While Radiohead are busy road testing new material on their current tour (and prompting speculation about their next album), guitarist Jonny Greenwood has scored (Get it? Scored? Ha ha ha) his first solo hit on the U.K. classical charts.

Classical may not be the first genre that comes to mind when you think of Greenwood's distinctive guitar work, but his interests have always been bigger than rock; as fans no doubt recall, he contributed an original orchestral score to Paul Thomas Anderson's 2007 film 'There Will Be Blood' -- and like much of Radiohead's music, his new classical hit pushes musical boundaries while bridging genres that are often kept far apart.

Greenwood's latest side project, bearing the unwieldy title 'Threnody for the Victims of Hiroshima/Popcorn Superhet Receiver/Polymorphia/48 Responses to Polymorphia,' is a collaboration with the Polish composer Krzysztof Penderecki featuring two compositions from each performer. (Greenwood cheated a little with 'Popcorn Superhet Receiver,' which was originally featured in the 'There Will Be Blood' score, but we'll let it slide.)

As Greenwood recently told the UK's Daily Telegraph, he's been a fan of the 78-year-old Penderecki for years. "I did three weeks at college just before Radiohead signed to EMI, and one of the lecturers played us some Penderecki and said 'orchestras can sound like this too,'" he told the tabloid. "That was my idea of what contemporary music was for a long time."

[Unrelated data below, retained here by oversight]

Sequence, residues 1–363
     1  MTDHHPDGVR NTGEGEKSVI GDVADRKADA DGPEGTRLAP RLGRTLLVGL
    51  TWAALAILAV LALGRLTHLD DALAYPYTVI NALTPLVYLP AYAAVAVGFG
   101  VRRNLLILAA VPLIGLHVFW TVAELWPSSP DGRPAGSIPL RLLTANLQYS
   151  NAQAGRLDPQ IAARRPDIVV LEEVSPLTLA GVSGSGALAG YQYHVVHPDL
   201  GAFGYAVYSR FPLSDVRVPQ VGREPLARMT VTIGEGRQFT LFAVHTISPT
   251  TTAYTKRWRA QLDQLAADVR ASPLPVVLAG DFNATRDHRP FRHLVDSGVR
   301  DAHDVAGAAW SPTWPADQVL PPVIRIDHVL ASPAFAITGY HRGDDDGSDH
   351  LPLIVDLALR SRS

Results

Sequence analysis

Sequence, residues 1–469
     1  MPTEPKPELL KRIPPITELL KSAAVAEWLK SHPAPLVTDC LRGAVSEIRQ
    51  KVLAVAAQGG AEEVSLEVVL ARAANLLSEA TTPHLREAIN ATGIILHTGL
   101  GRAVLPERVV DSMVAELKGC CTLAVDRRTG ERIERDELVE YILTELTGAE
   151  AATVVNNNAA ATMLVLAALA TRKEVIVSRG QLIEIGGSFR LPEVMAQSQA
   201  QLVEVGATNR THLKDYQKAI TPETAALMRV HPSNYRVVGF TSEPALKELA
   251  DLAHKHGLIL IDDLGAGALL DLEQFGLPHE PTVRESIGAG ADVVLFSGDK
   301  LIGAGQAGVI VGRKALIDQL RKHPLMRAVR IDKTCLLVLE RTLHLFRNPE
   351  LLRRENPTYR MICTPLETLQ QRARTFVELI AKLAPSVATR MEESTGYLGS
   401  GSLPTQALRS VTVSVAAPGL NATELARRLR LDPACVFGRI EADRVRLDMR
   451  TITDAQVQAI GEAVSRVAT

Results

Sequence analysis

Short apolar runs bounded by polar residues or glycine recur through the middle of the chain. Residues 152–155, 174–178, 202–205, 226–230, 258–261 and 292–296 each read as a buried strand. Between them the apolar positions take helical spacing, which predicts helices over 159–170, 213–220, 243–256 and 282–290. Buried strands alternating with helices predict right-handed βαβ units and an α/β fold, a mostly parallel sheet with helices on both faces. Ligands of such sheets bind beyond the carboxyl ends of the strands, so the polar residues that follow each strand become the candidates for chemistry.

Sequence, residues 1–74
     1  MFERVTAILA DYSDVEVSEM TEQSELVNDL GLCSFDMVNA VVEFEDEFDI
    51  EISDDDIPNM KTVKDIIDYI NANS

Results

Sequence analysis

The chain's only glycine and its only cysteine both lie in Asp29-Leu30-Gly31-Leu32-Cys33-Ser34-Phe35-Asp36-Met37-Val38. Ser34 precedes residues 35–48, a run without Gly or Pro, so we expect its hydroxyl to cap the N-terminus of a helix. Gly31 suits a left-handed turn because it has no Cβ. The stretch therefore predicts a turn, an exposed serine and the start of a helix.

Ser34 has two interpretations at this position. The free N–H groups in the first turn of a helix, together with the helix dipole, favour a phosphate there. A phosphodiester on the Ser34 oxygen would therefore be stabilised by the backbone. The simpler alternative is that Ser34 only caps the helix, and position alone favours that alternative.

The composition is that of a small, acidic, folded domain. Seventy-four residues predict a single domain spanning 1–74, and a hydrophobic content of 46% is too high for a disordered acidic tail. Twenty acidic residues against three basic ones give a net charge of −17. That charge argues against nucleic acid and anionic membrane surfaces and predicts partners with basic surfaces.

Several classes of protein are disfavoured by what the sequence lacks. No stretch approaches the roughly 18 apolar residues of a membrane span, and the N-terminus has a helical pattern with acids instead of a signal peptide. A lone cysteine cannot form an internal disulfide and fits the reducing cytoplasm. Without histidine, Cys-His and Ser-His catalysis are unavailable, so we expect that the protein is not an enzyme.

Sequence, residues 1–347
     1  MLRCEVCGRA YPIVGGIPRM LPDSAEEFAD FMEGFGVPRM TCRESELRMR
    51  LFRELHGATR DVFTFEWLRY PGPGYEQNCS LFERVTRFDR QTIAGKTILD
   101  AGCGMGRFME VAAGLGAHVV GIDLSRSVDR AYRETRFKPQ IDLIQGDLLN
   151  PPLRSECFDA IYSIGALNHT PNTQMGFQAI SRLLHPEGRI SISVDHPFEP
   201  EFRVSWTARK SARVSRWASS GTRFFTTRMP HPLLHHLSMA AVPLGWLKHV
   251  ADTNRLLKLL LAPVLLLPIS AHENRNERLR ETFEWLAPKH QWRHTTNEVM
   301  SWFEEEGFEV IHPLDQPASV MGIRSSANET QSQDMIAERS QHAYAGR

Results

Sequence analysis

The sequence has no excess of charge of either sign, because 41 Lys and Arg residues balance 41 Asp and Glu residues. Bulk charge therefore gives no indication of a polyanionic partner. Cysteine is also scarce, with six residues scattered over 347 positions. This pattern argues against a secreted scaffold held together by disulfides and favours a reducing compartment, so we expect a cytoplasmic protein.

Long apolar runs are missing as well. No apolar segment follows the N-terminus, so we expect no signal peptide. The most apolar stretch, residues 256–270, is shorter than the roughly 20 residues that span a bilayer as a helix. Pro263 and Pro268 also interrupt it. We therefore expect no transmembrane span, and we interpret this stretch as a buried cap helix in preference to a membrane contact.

"I fell in love with electronics, which for me was the terra incognita, because I had never heard such sounds," he continued. "If you’d asked me 50 years ago, I would have said the future of music is only electronic, but I would have been wrong. I learned how to produce everything I needed with live instrumentalists, so I don’t need electronics."

Penderecki will have a chance to reinforce Greenwood's words when he leads a live performance of the album this Thursday (March 22). Watch a clip from a performance of '48 Responses To Polymorphia' below:

Watch Jonny Greenwood's '48 Responses to Polymorphia'

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